Genelabs Technologies Inc. has received a patent for diagnosticreagents that detect HTLV-I infection, a retrovirus that causesadult T cell leukemia/lymphoma, and HTLV-I associatedmyelopathy, a degenerative neurologic disorder.
Testing for HTLV-I infection is required for all blood donatedin the United States, France and Japan. The market exceeds$100 million worldwide, most of which is in the United States,said Dr. Edgar Engleman, chief scientific officer.
The patent issued Tuesday, No. 5,066,579, covers peptides thatare a small piece of the HTLV-I virus and diagnostic kitsincorporating those peptides. The peptides are "a piece of thevirus that seems to be the first one that is recognized by theimmune system of the infected host, so when people areinfected, the first antibodies they produce are directed towardthis particular piece," Engleman told BioWorld.
Genelabs is already marketing a confirmatory test using thistechnology in Asia and Europe through its licensee, DiagnosticBiotechnology (Pte) Ltd. of Singapore. The Redwood City, Calif.,company has developed a prototype test for the largerscreening market and plans to have developed a screening testfor non-U.S. markets in 1992, Engleman said.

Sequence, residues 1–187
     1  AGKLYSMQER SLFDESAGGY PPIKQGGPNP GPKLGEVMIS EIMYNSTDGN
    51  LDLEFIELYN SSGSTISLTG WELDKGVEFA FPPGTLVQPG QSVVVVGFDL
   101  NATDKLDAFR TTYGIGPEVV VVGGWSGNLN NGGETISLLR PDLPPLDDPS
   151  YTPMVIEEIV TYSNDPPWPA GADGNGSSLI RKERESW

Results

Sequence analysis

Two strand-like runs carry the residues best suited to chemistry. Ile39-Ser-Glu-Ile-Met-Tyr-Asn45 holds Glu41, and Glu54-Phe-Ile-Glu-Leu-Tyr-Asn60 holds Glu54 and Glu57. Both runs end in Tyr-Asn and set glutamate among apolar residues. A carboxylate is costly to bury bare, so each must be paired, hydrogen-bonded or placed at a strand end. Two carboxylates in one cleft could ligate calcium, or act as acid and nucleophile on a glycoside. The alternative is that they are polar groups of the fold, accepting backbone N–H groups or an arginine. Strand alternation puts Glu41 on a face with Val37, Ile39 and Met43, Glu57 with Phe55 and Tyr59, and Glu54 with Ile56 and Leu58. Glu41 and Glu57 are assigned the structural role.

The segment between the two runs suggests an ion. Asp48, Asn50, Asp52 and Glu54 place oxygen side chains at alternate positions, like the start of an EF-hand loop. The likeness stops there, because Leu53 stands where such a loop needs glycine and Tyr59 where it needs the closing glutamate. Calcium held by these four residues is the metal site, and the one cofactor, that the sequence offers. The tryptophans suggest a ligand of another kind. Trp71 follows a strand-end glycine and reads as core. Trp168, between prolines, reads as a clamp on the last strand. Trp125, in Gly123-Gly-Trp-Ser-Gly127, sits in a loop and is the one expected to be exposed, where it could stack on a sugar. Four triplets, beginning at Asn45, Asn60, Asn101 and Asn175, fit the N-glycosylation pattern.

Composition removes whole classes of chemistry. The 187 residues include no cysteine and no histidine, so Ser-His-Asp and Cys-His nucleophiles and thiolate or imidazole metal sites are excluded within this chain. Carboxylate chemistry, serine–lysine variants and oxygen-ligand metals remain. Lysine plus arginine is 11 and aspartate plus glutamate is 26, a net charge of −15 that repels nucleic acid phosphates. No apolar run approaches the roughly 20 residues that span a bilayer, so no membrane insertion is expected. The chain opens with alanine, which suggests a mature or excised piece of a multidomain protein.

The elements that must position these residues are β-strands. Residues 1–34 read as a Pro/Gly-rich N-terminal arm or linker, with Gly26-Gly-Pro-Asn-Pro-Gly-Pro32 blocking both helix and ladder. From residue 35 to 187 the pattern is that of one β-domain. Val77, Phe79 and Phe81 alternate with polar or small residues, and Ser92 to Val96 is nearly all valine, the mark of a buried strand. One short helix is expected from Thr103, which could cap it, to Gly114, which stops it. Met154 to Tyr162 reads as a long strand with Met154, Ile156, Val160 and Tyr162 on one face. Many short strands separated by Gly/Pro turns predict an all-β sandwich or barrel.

"It is likely that all screening tests will have to use thistechnology because we have shown it is more accurate, moresensitive and substantially superior to anything that is in use,"he said.
The Genelabs test can differentiate between the relativelyharmless HTLV-II and the HTLV-I virus, and it can sense thevirus sooner than tests now on the market, Engleman said.
Genelabs is negotiating a licensing agreement with severalcompanies for the U.S. market, he said.
Among other companies in the market, Cellular Products(NASDAQ:CELP) is marketing in the United States a screeningtest for HTLV-I. Cambridge Biotech Corp. (NASDAQ:CBCX) has aconfirmatory HTLV diagnostic marketed for research use.Chiron Corp. (NASDAQ:CHIR) and Roche Biomedical Laboratoriesare also active in the blood screening market.
Genelabs stock (NASDAQ:GNLB) closed at $10.25, up 75 cents.
-- Kris Herbst BioWorld Washington Bureau
(c) 1997 American Health Consultants. All rights reserved.